>> [Kevin would you please forward my response to listservs that I'm not able to
>> post to. Thank-you.]
>> I'm in fundamental agreement with Kevin's point about a "third way," which
>> is that we can do much better than considering only a blanket ramping up
>> numerical densities in zoning code (as seems to already be under
>> consideration by staff) and/or or blowing out the UGB and using exurban lands
>> as thoughtlessly as we've done in recent history.
>> My attempt to boil things down, and my haste in posting so as to urge
>> participation in tonight's meetings, led to some confusion.
>> For the first of the two Council alternatives, I meant "increase overall
>> density within the UGB". The two options I listed were just to clarify the
>> mathematical reality, nothing more. (You either put more dwellings in the
>> same area, add more area, or some combination.)
>> Increasing overall density within the UGB could be done as Kevin suggests and
>> through other sensible approaches, such as a properly implemented
>> "Opportunity Sting" program.
>> And the point of the fundamental growth management principle I proposed was
>> that we must not accept simplistic, "take your medicine for the good of the
>> community/planet" policy or code changes that would both degrade our
>> neighborhoods (and city) and, in the end, be counterproductive to wise land
>> use (since economically mobile households will simply move to nearby
>> communities more distant from our urban center).
>> Referencing the Mayor's reply to Kevin ... From discussions with the Mayor, I
>> think she agrees and supports this principle, and I read her comments as
>> mainly suggesting we not limit ourselves to just a single proposed strategy
>> that follows this principle, which is a sensible starting point.
>> I do take gentle issue with the Mayor's comment that: "This should be a
>> conversation about what we would like, not what we are afraid of (although
>> getting those on the table is helpful)."
>> A substantial reason many of our neighborhoods are in the mess they're in is
>> because the former community process produced a set of aspirational "Growth
>> Management Policies" that are so ambiguous they are practically useless for
>> real guidance. The code that came out of that process; however, is very
>> concrete and is a disaster -- allowing all kinds of incompatible development
>> justified by increasing density, and providing no standards to assure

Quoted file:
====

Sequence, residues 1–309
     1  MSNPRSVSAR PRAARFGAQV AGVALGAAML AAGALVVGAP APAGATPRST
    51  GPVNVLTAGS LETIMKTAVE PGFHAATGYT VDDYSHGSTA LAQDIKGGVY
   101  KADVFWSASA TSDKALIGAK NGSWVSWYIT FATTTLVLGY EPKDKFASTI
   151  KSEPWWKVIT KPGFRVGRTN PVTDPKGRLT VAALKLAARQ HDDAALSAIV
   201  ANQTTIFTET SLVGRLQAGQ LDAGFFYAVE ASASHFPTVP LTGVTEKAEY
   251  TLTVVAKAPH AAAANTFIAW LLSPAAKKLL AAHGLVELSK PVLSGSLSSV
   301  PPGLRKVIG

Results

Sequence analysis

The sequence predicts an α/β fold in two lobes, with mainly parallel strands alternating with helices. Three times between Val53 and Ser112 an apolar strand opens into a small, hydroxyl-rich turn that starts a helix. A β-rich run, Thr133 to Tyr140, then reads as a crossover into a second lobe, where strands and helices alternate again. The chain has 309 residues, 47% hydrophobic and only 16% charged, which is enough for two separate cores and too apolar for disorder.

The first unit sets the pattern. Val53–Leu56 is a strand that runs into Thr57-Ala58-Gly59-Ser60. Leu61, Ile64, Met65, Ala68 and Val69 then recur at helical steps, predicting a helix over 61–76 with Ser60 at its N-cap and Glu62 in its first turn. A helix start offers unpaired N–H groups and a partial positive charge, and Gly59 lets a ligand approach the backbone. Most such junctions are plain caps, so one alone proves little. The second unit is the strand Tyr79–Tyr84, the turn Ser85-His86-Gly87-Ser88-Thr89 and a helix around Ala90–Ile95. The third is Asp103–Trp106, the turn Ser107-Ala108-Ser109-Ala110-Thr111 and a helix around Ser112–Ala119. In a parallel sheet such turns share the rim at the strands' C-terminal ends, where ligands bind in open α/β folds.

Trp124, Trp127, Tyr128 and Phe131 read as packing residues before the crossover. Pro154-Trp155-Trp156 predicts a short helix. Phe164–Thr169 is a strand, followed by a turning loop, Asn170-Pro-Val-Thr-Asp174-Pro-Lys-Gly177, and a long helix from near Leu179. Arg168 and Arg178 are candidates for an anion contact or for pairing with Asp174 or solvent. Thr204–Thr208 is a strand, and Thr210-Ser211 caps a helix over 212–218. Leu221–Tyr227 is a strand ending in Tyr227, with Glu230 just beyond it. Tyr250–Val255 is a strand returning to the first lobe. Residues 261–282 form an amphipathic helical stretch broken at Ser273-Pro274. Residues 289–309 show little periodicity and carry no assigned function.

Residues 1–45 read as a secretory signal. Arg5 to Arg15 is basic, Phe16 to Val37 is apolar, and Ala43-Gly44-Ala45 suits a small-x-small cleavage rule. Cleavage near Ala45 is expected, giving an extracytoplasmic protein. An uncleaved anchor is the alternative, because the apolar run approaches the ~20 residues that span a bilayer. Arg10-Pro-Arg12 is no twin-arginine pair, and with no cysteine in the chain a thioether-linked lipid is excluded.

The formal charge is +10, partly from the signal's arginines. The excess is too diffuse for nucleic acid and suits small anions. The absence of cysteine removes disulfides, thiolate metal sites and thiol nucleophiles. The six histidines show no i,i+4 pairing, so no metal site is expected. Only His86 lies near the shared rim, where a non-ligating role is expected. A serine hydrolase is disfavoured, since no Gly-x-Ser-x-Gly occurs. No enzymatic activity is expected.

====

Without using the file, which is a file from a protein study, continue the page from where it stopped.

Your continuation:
>> neighborhoods aren't degraded or destabilized by infill and redevelopment.
>> As in any successful relationship or social contract, understanding what
>> isn't acceptable and where the boundaries lie are as essential as
>> understanding the parties' aspirations. And this part of the discussion
>> requires more than a perfunctory tip of the hat by staff managing the
>> "Envision Eugene" process.
>> I'm not "afraid" that at the end of properly conducted "Envision Eugene,"
>> City Council will adopt policy and code changes that would harm
>> neighborhoods, because if the process is properly conducted, it will be clear
>> that the overwhelming majority of Eugene residents do not believe
>> neighborhoods should be sacrificed to achieve higher density. (I also believe
>> a majority of Eugene residents are willing to be part of a neighborhood-based
>> approach to identifying where and how higher-density development can occur in
>> a way that will be a benefit to the neighborhood community. This is what the
>> lagging "Opportunity Siting" program is supposed to provide.)
>> My concern is that City staff are unprepared and not adequately trained or
>> experienced to manage the complex "Envision Eugene" process effectively,
>> especially under the demanding time constraints. A major element of my
>> concern is that -- after two years as a very active member of the ECLA CAC --
>> I became firmly convinced that neither City staff nor the paid consultants
>> have adequate training and experience to provide essential quantitative
>> assessments of policy impacts that the community can rely on to make
>> well-informed, concrete choices with respect to changes in policy, code
>> and/or the UGB. Despite all the upbeat talk, we are going to be winging it,
>> I'm afraid.
>> Therefore, I think a necessary strategy for neighborhood advocates is to
>> enlist their communities to establish unequivocally one or more new growth
>> management policies that assure no other actions arising from Envision Eugene
>> will harm our neighborhoods.
>> My hope is that, even if we don't get it right, we won't make the gross
>> mistakes of the last decade or so and exacerbate the damage to neighborhoods,
>> which are the fundamental building blocks of a community.
>> Hope to see many of you tonight.
>> -- Paul
>> At 10:06 AM 5/4/2010, Kevin Matthews wrote:
>> Dear Friends and Neighbors,
>> Paul makes a very timely plea for participation in the Envision Eugene